Then Luke came. Luke had to have the seat and Logan had to walk. That's when I learned how hard it is to push a cart and keep a two year old by your side. He wants to touch everything, he's not stranger shy, he is still learning boundaries and he LOVES to run and explore. Things which can be dangerous and messy in a lot of places. Remember now that at two he is still LEARNING to stay by me and he is still LEARNING when and what to do. Not to mention he's VERY strong willed.

I think a "leash" is an excellent tool in some situations. When you are on vacation, a crowded place, when you'll have your hands full. Just because we are parents doesn't make us sprout seven arms, nine eyes and the speed of lightning. I don't see the child's "leash" as a dog's leash. I don't think they compare. And if you want to compare then you can compare teaching a dog to heel off leash to teaching your child to stick by your side. Like I said on another forum I'm working on teaching my kids to sit, stay and retrieve dead birds in their mouth. Basically, it's silly to compare the two.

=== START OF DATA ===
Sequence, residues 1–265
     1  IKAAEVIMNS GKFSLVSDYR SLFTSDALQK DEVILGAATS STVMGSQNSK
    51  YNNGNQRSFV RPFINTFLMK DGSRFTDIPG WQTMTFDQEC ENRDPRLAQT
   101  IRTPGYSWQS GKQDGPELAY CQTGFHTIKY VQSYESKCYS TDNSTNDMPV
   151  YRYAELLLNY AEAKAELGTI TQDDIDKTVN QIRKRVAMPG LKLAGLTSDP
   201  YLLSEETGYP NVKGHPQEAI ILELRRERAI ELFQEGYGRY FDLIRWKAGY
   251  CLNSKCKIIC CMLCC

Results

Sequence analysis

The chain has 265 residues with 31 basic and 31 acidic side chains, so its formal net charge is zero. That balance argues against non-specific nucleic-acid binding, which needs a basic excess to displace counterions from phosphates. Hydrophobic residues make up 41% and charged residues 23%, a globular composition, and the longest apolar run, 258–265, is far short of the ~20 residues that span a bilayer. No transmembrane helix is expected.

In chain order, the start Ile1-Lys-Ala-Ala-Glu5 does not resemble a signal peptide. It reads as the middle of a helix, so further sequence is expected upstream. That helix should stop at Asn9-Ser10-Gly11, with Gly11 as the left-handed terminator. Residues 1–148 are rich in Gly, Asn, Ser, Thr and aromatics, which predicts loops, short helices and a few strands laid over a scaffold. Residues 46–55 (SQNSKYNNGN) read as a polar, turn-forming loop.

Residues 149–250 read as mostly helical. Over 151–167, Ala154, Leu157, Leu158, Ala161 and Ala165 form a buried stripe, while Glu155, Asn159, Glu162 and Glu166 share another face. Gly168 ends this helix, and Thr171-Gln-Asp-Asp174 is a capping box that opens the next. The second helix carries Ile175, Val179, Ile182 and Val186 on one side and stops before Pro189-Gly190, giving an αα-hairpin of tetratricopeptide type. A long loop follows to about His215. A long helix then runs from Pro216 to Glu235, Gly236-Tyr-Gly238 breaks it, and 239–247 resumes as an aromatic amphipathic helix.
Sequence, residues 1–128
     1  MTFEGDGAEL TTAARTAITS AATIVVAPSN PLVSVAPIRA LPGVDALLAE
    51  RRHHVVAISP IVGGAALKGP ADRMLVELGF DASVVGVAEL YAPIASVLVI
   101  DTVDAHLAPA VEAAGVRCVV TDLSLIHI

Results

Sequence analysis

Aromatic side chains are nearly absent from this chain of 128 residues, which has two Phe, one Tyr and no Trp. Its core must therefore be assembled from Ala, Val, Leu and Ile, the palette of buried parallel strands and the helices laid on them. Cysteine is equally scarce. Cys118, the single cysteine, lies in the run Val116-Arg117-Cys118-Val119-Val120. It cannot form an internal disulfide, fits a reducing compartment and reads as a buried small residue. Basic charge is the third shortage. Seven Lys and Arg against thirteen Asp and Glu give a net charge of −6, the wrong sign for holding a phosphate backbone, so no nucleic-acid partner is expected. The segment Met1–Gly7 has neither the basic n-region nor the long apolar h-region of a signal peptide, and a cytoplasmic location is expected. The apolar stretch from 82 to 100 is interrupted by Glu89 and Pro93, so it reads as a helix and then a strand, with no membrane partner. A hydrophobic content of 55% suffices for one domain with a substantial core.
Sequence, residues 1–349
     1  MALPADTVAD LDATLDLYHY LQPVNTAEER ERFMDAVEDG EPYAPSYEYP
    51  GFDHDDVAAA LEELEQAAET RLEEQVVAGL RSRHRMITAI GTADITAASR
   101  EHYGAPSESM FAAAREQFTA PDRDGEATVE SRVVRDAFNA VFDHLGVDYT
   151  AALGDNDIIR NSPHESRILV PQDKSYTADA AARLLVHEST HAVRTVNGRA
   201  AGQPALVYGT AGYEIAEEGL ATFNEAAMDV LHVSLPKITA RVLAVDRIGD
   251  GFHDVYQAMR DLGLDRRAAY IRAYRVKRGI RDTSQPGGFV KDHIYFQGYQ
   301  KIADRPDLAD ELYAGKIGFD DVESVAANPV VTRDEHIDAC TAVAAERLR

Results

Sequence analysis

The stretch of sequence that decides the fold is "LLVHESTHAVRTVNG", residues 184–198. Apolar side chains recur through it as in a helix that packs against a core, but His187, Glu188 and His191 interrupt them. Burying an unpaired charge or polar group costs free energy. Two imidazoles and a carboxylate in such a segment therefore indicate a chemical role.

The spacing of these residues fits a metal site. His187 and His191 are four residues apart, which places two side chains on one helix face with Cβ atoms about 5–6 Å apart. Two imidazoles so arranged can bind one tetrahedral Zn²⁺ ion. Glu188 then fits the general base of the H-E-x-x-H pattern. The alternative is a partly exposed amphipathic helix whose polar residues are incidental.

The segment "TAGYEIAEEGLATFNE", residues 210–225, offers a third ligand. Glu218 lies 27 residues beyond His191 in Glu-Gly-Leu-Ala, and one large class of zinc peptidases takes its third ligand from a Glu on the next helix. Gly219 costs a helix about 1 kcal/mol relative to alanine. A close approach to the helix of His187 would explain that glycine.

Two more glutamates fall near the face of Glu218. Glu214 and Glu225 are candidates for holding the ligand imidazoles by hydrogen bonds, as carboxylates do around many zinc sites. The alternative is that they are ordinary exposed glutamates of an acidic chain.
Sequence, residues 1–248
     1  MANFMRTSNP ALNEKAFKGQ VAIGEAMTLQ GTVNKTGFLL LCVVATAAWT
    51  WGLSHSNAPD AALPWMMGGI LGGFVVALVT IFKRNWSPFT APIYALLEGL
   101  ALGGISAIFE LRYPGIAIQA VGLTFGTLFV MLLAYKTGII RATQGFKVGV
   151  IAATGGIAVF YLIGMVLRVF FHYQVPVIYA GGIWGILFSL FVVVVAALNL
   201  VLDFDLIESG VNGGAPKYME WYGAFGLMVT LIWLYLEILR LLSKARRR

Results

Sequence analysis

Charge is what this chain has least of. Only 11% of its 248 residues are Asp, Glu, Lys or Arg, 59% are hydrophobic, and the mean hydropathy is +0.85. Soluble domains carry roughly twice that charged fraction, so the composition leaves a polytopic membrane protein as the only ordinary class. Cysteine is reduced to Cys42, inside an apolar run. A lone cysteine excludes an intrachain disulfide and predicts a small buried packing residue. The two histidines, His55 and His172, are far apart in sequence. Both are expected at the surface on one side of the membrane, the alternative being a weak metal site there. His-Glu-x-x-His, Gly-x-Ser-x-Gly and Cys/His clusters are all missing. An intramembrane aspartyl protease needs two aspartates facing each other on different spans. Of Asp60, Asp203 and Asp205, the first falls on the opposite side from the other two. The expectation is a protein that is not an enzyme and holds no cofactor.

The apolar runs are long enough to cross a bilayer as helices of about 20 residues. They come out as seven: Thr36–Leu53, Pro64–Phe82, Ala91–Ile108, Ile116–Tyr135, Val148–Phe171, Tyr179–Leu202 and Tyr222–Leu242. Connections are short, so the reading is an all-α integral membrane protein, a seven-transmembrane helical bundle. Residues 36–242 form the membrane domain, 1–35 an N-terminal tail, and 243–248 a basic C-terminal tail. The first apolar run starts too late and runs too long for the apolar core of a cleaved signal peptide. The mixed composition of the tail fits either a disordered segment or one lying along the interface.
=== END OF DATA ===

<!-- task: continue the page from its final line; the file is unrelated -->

The only time I would compare the two is if someone is using the "leash" inappropriately. Yanking on it like you would when you correct a dog or pulling your child with it across the floor. Then yes, to those parents it does compare.

BTW way back when, mothers used to tie their children to poles, table legs and themselves with apron strings.